Sunday, January 17, 2010

Nanook of the North (1922) **


Members of PETA beware--this is not the film for you.

Is it a true documentary or not? That is the question that has plagued many over the years. If you're like me, you first saw this 1922 Robert Flaherty silent in a film history class. An endless debate was held in my class as to whether the filming looked "too staged" to be a true representation of the life of an Inuit family. Perhaps it was staged at times, but I still think Flaherty does a nice job of showing what daily survival was like for Nanook and his family. I still get the shivers when I think of all that ice and snow!

nanuuk-731216 I'm mostly impressed with Flaherty's camerawork in harsh weather conditions. He was not working with state of the art equipment and he was pretty much the film crew. The walrus hunt and igloo building scenes are interesting to watch. Of course, what most people remember about this film is the closing shot where Nanook's family is looking for shelter against a snowstorm. In an odd twist of fate, they died soon after filming was completed doing just this.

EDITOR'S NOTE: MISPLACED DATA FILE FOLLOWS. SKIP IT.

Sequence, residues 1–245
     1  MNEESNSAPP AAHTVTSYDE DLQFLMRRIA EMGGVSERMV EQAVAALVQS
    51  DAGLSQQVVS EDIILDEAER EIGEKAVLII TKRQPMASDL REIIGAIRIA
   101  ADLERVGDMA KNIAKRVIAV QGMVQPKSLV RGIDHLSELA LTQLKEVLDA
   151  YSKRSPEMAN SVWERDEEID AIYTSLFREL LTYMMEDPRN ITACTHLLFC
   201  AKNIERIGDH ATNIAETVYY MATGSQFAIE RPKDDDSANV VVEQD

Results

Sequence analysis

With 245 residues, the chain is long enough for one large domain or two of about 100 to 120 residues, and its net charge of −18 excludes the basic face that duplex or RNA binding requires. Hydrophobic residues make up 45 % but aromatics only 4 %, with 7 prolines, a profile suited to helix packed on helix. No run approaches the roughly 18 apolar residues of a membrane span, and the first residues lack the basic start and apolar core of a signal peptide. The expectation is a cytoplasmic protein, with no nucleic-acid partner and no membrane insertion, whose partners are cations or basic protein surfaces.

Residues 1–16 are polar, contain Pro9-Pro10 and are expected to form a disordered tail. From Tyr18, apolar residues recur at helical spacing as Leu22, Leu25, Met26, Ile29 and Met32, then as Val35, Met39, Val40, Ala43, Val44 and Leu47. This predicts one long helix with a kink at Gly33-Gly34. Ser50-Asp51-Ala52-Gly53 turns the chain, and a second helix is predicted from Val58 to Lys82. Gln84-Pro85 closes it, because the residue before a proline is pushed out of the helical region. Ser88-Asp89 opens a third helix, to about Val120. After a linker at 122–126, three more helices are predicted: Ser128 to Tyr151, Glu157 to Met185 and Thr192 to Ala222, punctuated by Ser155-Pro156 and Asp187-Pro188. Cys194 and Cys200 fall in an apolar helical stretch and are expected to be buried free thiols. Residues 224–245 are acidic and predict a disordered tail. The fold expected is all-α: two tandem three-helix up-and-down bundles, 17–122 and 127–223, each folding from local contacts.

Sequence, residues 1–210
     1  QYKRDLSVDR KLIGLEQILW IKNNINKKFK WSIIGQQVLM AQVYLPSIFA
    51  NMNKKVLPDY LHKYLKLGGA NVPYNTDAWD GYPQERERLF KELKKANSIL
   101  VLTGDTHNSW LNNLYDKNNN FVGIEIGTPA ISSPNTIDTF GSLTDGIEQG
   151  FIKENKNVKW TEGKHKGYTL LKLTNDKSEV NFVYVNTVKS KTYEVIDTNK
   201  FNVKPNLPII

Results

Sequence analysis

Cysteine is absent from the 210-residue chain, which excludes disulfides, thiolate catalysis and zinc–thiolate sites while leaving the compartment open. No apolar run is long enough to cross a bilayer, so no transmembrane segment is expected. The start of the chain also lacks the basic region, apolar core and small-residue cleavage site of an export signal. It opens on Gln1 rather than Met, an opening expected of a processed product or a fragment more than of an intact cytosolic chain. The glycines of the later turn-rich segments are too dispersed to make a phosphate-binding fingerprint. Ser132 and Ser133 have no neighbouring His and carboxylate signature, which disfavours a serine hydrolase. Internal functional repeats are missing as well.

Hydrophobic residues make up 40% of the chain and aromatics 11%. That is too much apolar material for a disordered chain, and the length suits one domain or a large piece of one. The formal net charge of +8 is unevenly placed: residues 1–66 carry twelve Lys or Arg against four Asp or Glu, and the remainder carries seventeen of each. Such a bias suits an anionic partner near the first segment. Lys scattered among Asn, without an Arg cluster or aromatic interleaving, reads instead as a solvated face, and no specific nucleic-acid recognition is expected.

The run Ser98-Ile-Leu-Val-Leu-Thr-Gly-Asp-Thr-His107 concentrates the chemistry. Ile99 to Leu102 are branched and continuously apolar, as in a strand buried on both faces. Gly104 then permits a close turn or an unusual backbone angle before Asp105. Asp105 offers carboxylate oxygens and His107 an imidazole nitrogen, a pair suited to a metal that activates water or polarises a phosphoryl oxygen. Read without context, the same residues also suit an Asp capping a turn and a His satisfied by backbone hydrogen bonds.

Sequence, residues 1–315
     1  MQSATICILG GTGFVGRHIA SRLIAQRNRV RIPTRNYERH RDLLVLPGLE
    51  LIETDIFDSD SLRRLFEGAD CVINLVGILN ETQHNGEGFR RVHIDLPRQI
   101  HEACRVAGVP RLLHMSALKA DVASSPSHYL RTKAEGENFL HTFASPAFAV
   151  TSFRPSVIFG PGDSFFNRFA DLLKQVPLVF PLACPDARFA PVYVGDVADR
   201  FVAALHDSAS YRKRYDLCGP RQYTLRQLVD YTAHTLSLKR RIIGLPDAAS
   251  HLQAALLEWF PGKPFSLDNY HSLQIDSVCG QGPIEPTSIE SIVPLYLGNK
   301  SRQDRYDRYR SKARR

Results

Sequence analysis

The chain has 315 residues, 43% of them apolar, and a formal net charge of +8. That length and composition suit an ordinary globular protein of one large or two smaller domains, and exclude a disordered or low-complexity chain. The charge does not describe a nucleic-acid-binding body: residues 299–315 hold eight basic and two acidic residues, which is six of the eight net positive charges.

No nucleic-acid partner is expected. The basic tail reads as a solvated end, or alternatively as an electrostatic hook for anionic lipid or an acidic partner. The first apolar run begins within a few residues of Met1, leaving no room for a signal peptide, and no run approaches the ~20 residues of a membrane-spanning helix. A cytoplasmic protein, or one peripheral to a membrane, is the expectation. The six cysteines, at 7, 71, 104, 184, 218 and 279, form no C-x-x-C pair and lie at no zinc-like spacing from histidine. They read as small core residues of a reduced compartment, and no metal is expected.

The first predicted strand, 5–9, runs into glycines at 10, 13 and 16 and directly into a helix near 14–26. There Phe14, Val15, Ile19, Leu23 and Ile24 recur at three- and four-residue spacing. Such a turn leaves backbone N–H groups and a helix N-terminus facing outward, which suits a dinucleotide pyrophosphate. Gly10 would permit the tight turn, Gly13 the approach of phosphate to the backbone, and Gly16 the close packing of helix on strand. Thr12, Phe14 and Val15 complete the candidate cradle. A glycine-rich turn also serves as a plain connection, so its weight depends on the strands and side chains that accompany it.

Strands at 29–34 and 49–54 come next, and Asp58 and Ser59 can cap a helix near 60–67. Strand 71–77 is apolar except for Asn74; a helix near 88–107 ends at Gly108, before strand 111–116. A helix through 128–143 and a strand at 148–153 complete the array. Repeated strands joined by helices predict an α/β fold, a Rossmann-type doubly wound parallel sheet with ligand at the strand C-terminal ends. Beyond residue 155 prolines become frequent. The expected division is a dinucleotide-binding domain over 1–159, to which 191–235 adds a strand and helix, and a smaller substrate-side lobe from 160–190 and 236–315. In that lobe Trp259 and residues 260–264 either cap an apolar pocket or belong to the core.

Not exactly an exciting film, but still an interesting one to watch.


  1. Or did they? I agree that much of this picture looks authentic, but there was also a lot of manipulation involved. The Inuit were asked to put away modern utensils and revert to ancient practices for the camera, the characters are not who they are claimed to be (Naonooks wife is not his wife at all) and the death of Nanook and his family? I was a story seeded by the studio to generate interest. And it worked.

    despite all this I still love this picture. It is a charming Michael Moore stunt 80 years before it became a trend.

    1. I expect Flaherty would not be happy being compared with M. Moore--but it is an apt one! I did not know about the utensils or the wife who wasn't the wife--very interesting.